In article <firstname.lastname@example.org> email@example.com writes: ... > Some have tried to find fault with my method using the n=2 case, which > *does* use x+y+vz. I think those are interesting, so I'll go over them > quickly.
Interesting that you find them interesting now, but not in a reply to the posting where I wrote about that example.
> x+y+vz = 0(mod (x+y+vz)), jumping ahead > x^2 + 2xy + y^2 = v^2z^2, and jumping to the end, > (v^2 - 1)z^2 - 2xy = 0(mod (x+y+vz)), with x^2 + y^2 = z^2. > Some have argued, why not factor what's on the left to get > (sqrt(v^2 - 1)z - sqrt(2xy))(sqrt(v^2 - 1)z + sqrt(2xy)) = 0, > so (sqrt(v^2 - 1)z - sqrt(2xy)) = 0(mod (x+y+vz)?
But this is a bit of a distortion, as I came with: [(1-v^2)z - sqrt((1-v^2).2xy][(1-v^2)z + sqrt((1-v^2).2xy)] = 0. > > Is there a really simple answer that's rigorous? I guess so, but the > answer I give is you look at the exponents.
Yup, I do and see that there are no integral exponents for x, y and v. So what? In your factorisation v does not have an integral exponent. (Yes, I know that you say that sqrt(x^2 + y^2) can be written as x + ... + y, but you do not bother to fill in the ellipses, and the only thing I can fill in there sensibly is [sqrt(x^2+y^2)-x-y]. Like, sqrt(x^2 + y^2) is a polynomial, which is *false*.) > > To me it's a simple matter of asking what expression can multiply times > (x+y+vz) to get (sqrt(v^2 - 1)z - sqrt(2xy))?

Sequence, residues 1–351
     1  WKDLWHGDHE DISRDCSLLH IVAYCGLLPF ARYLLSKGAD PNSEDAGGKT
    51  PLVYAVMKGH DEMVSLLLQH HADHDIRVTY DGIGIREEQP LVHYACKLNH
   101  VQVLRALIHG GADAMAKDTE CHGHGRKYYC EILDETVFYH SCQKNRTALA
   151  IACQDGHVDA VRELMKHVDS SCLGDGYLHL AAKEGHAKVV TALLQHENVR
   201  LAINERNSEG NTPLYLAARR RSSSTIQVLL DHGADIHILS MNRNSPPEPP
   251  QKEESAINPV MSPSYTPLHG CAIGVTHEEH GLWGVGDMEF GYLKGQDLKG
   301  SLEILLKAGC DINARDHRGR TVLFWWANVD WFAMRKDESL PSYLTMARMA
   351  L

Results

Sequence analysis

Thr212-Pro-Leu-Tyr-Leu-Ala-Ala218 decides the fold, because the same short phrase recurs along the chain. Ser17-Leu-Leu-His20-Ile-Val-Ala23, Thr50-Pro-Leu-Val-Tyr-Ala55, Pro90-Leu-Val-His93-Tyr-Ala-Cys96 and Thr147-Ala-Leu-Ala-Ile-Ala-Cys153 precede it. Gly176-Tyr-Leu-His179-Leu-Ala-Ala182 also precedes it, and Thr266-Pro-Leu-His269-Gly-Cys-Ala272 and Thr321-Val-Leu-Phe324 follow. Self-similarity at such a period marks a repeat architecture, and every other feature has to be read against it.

Yup, so what is that expression?
> Again, the statements are true if x^p + y^p = z^p. Note, as written > that is saying that that statement is true. That is, that we have some > x, y and z that fit.
No. Not all statements are true in your proof. In particular one statement is *not* true, but false. As I parafrased it in my "proof" (replace 'n' by '1' to get your proof, and note that this is a "valid" statement for *all* values of 'n'): [(v^5+n)z^2 - (5v^3+sqrt(5v^6-20nv)*xy/2)] * [(v^5+n)z^2 - (5v^3-sqrt(5v^6-20nv)*xy/2)] = 0 (mod (x+y+vz)/h), when x^5 + y^5 = nz^5. Fill in n=68101, x=15, y=17, z=2, h=2 (I once asked whether that was the only coprime solution for n=68101, and indeed, it has been proven) to get: [4v^5+272404 - (5v^3+sqrt(5v^6-1362020v).255/2] * [4v^5+272404 - (5v^3-sqrt(5v^6-1362020v).255/2] = 0 (mod v+16). and note that even this is "valid". But none of the factors is divisible by (v+16) by any definition that I know. (Note that when you fill in v=-16 on the left the product is indeed 0, proving that is is "valid".)